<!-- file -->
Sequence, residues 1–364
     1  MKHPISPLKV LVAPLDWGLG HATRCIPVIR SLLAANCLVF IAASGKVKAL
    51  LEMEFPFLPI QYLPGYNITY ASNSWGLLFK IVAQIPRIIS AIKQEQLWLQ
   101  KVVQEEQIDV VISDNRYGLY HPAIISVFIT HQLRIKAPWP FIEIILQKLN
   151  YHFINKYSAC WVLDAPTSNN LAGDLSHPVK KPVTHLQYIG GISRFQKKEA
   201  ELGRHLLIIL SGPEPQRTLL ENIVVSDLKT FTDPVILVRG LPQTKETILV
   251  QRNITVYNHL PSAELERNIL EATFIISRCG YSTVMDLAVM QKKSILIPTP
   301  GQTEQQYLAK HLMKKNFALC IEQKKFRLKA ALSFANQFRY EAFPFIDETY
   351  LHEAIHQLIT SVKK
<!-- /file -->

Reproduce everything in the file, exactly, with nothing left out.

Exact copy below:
Sequence, residues 1–364
     1  MKHPISPLKV LVAPLDWGLG HATRCIPVIR SLLAANCLVF IAASGKVKAL
    51  LEMEFPFLPI QYLPGYNITY ASNSWGLLFK IVAQIPRIIS AIKQEQLWLQ
   101  KVVQEEQIDV VISDNRYGLY HPAIISVFIT HQLRIKAPWP FIEIILQKLN
   151  YHFINKYSAC WVLDAPTSNN LAGDLSHPVK KPVTHLQYIG GISRFQKKEA
   201  ELGRHLLIIL SGPEPQRTLL ENIVVSDLKT FTDPVILVRG LPQTKETILV
   251  QRNITVYNHL PSAELERNIL EATFIISRCG YSTVMDLAVM QKKSILIPTP
   301  GQTEQQYLAK HLMKKNFALC IEQKKFRLKA ALSFANQFRY EAFPFIDETY
   351  LHEAIHQLIT SVKK